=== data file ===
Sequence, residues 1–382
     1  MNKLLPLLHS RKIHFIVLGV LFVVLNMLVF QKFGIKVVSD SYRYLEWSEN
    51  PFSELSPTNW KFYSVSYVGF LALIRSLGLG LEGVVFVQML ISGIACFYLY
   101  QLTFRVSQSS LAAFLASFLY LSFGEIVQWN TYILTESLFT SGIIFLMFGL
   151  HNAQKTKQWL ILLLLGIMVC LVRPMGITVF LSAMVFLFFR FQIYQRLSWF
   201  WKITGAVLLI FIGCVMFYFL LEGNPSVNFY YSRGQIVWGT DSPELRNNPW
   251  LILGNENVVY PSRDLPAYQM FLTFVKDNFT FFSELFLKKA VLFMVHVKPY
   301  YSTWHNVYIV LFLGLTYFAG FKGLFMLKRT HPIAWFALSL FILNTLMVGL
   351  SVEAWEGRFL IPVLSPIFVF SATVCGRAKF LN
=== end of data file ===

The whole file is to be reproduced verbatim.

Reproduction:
Sequence, residues 1–382
     1  MNKLLPLLHS RKIHFIVLGV LFVVLNMLVF QKFGIKVVSD SYRYLEWSEN
    51  PFSELSPTNW KFYSVSYVGF LALIRSLGLG LEGVVFVQML ISGIACFYLY
   101  QLTFRVSQSS LAAFLASFLY LSFGEIVQWN TYILTESLFT SGIIFLMFGL
   151  HNAQKTKQWL ILLLLGIMVC LVRPMGITVF LSAMVFLFFR FQIYQRLSWF
   201  WKITGAVLLI FIGCVMFYFL LEGNPSVNFY YSRGQIVWGT DSPELRNNPW
   251  LILGNENVVY PSRDLPAYQM FLTFVKDNFT FFSELFLKKA VLFMVHVKPY
   301  YSTWHNVYIV LFLGLTYFAG FKGLFMLKRT HPIAWFALSL FILNTLMVGL
   351  SVEAWEGRFL IPVLSPIFVF SATVCGRAKF LN